Beware, unintended consequences

Durer Blasphemy woodcut, via wikipediaDaithí has just published a wonderful post on the The strange death of criminal libel?. On the issue of criminal libel, he concludes that the Defamation Bill, 2006, currently receiving its Report and Final Stages in the Seanad even as I write this post,

will without further amendment provide for

* the repeal of the [Defamation Act], 1961 [blogged here] including Part 2 dealing with various criminal offences
* the explicit repeal of “the common law offences of criminal libel, seditious libel and obscene libel�
* no provisions on a new offence of the publication of gravely harmful statements
* no specific mention of blasphemy or blasphemous libel other than the repeal of s 13 (as part of the general repeal) of the 1961 Act (though I think that might mean that, especially in conjunction with the Constitution, blasphemous libel – or blasphemy, indeed – would continue to exist – but see note below on the definition of criminal libel)

And that, I believe, is good news.

I agree; it is thoroughly good news. I agree that the repeal of the 1961 Act and of various of the common law libel offences is a good thing. Moreover, the removal of the proposed replacement offence of publication of gravely harmful statements is an even better thing. But, less than a week after the vote of the House of Lords on 5 March 2008 to include a new clause 129 in the Criminal Justice and Immigration Bill abolishing the common law offences of blasphemy and blasphemous libel at English law, I’m not convinced by both Ministers’ reasoning on excluding blasphemy from this development. Take the last line of Article 40.6.1(i):

The publication or utterance of blasphemous, seditious, or indecent matter is an offence which shall be punishable in accordance with law.

Now, compare the common law offences of criminal libel: they comprise blasphemous, seditious, obscene and defamatory libel. If blasphemy is to be excluded from section 34, then by parity of reasoning so also must sedition and obscenity as well. On the other hand, if the Ministers see no problem with proceeding with the abolition of hte common law crimes of seditious and obscene libel, notwithstanding the last line of Article 40.6.1(i), then there should be no problem with similarly abolishing the common law crime of blasphemy / blasphemous libel. Of course, there are statutes filling in for sedition (Offences Against the State Acts) and obscenity (Censorship Acts) so there is no need for the common law crimes, and that may be part of the Ministers’ thinking. And the current Minister seems to wish to wait for the report of the Joint Committee on the Constitution on the issue of blasphemy before legislating on this issue. Parity of reasoning would suggest that the common law offence should be abolished and replaced by something statutory.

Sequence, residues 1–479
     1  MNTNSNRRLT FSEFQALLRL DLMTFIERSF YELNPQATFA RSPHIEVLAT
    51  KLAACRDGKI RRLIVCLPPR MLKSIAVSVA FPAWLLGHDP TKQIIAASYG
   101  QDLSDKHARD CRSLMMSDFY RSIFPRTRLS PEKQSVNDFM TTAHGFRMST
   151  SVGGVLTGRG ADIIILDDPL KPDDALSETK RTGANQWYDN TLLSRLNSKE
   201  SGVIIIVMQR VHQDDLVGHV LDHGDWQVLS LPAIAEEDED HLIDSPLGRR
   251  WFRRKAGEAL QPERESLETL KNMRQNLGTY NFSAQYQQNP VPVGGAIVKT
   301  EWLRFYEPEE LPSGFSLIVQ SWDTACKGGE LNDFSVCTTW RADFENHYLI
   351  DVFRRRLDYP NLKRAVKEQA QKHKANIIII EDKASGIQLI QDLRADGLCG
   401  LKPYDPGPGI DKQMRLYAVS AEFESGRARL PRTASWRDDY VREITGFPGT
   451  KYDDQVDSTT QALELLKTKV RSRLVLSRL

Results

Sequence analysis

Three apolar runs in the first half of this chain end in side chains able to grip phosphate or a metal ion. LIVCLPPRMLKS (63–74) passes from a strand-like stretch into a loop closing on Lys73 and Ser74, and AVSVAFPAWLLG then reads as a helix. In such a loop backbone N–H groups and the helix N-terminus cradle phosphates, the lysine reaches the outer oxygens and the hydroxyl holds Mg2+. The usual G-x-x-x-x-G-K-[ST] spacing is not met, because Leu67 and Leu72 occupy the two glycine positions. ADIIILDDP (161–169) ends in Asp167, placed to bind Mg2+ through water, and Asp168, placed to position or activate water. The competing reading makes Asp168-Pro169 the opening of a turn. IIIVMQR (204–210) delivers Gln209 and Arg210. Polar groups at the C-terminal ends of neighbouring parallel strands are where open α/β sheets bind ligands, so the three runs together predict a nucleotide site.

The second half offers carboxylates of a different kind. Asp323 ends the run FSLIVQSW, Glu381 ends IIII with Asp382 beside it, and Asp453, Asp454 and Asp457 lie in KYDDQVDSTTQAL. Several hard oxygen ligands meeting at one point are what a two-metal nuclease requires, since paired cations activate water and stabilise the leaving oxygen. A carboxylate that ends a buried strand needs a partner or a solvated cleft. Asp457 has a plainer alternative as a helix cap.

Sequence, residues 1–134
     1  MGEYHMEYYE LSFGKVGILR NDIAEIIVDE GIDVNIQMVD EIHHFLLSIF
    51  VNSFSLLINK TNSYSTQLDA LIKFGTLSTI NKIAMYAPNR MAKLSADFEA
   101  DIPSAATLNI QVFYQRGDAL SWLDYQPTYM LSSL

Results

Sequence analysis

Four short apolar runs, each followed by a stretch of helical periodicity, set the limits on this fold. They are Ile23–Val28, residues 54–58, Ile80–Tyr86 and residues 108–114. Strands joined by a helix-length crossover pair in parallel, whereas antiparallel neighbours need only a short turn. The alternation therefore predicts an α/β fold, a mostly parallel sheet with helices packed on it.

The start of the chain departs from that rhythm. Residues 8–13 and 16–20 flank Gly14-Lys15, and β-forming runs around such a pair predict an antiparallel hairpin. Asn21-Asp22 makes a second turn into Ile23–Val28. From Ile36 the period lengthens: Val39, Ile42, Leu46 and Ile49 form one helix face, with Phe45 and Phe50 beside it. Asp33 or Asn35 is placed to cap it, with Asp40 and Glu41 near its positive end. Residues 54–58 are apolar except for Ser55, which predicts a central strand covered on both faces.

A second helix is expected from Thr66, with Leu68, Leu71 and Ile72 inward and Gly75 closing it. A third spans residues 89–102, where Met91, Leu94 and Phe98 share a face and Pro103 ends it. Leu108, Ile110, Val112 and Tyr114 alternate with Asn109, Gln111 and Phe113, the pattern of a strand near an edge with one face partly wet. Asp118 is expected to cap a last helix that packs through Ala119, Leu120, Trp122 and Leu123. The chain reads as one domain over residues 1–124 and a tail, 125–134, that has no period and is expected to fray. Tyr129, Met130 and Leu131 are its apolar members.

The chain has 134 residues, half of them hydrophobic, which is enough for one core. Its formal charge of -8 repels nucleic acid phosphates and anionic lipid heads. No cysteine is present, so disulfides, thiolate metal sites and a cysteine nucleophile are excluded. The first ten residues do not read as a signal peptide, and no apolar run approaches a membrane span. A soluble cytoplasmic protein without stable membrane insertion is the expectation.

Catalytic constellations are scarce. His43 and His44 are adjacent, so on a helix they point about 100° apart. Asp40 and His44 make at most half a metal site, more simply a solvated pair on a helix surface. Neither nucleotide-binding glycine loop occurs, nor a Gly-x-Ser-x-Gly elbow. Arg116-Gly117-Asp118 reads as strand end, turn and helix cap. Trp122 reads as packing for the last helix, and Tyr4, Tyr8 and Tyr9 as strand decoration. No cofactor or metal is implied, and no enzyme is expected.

But consider the position in the meantime. A common law offence of blasphemy will continue to exist, though its scope is entirely unclear (the historical evolution of modern blasphemy law as described by the Law Reform Commission’s 1991 Consultation Paper and Report on the Crime of Libel and by my colleague Dr Neville Cox in his magisterial Blasphemy and the Law (Edwin Mellen Press, NY, 2000)). Moreover, its compatibility with Article 10 the European Convention on Human Rights is in the balance. In R (on the application of Green) v The City of Westminster Magistrates’ Court [2007] EWHC 2785 (Admin) (05 December 2007) (blogged here), a Divisional Court of the English High Court held that only a very narrow version of the common law crime of blasphemy is compatible with Article 10, and found that Jerry Springer – The Opera was not blasphemous. Moreover, leave to appeal to the House of Lords was refused last week. Nevertheless, some at least of the common law offence will survive, and if the Bill becomes law in its present form, then the procedural limitations in the 1961 Act will have been removed. In particular, the section 8 requirement of the consent of the High Court to a prosecution will disappear, so the procedural context of Corway v Independent Newspapers [1999] IESC 5; [1999] 4 IR 485; [2000] 1 ILRM 426 (30th July, 1999) will have disappeared. Of course, that case rendered the constitutional crime of blasphemy a dead letter in the absence of specific legislation, but as I read it, it left the common law unaffected. And if the 1961 Act also leaves the common law unaffected, then the effect of the amendment will be to strengthen the position of the common law crime, at least in the short term. And this must surely be an unintended consequence!